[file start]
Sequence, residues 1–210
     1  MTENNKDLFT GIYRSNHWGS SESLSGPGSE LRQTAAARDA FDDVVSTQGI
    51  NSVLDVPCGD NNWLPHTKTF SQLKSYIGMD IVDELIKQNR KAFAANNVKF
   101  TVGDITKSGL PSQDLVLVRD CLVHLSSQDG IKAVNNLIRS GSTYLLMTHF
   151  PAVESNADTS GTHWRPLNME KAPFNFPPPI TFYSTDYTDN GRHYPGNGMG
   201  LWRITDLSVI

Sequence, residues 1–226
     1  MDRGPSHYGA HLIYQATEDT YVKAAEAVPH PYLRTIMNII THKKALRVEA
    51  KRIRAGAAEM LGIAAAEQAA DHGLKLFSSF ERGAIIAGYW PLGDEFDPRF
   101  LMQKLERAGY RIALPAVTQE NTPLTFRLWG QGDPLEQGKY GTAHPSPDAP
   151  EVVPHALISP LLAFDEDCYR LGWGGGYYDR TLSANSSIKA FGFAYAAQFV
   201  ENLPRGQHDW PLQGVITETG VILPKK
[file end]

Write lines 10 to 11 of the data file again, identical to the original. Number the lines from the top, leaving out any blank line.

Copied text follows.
   101  LMQKLERAGY RIALPAVTQE NTPLTFRLWG QGDPLEQGKY GTAHPSPDAP
   151  EVVPHALISP LLAFDEDCYR LGWGGGYYDR TLSANSSIKA FGFAYAAQFV